The violence that erupted in Charlottesville over the weekend, which left one woman killed and dozens more injured, stemmed from a white nationalist and alt-right protest over the removal of a statue of Confederate General Robert E. Lee.
In light of all this, it’s probably best to remember one relevant historical fact: Robert E. Lee was opposed to Confederate monuments.
“It’s often forgotten that Lee himself, after the Civil War, opposed monuments, specifically Confederate war monuments,” Jonathan Horn, a Lee biographer, told PBS.
After the Civil War, Lee received a number of letters requesting support for the erection of Confederate memorials, according to Horn.
In June 1866, he wrote that he couldn’t support a monument of one of his best generals, Thomas “Stonewall” Jackson, saying it wasn’t “feasible at this time.”
“As regards the erection of such a monument as is contemplated,” Lee wrote in December 1866 about another proposed Confederate monument, “my conviction is, that however grateful it would be to the feelings of the South, the attempt in the present condition of the Country, would have the effect of retarding, instead of accelerating its accomplishment; [and] of continuing, if not adding to, the difficulties under which the Southern people labour.”
Not only was Lee opposed to Confederate memorials, “he favoured erasing battlefields from the landscape altogether,” Horn wrote.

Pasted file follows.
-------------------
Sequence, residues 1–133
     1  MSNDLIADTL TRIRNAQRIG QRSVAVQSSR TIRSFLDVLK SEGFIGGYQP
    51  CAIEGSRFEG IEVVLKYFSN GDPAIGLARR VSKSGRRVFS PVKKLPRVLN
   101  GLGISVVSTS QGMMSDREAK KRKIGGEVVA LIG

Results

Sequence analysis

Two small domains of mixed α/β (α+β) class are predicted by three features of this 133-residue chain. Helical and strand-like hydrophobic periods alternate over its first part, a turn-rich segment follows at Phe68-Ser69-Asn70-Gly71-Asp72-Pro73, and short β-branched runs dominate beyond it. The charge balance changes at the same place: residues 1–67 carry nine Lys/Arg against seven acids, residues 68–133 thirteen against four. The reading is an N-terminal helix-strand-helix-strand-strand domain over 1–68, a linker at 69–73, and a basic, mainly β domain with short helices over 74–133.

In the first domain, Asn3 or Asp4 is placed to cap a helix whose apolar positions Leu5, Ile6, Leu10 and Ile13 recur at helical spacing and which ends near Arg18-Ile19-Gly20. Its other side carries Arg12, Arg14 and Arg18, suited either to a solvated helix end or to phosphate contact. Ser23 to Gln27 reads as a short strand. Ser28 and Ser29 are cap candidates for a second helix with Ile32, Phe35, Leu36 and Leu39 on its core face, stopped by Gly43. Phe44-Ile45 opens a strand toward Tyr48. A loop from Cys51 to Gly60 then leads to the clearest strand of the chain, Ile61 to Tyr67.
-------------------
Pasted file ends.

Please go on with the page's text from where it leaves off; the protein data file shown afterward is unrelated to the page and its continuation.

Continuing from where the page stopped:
He even supported getting rid of the Confederate flag after the Civil War ended, and didn’t want them them flying above Washington College, which he was president of after the war.
“Lee did not want such divisive symbols following him to the grave,” Horn wrote. “At his funeral in 1870, flags were notably absent from the procession. Former Confederate soldiers marching did not don their old military uniforms, and neither did the body they buried.”
“His Confederate uniform would have been ‘treason’ perhaps!” Lee’s daughter wrote, according to Horn.
“Lee believed countries that erased visible signs of civil war recovered from conflicts quicker,” Horn told PBS. “He was worried that by keeping these symbols alive, it would keep the divisions alive.”
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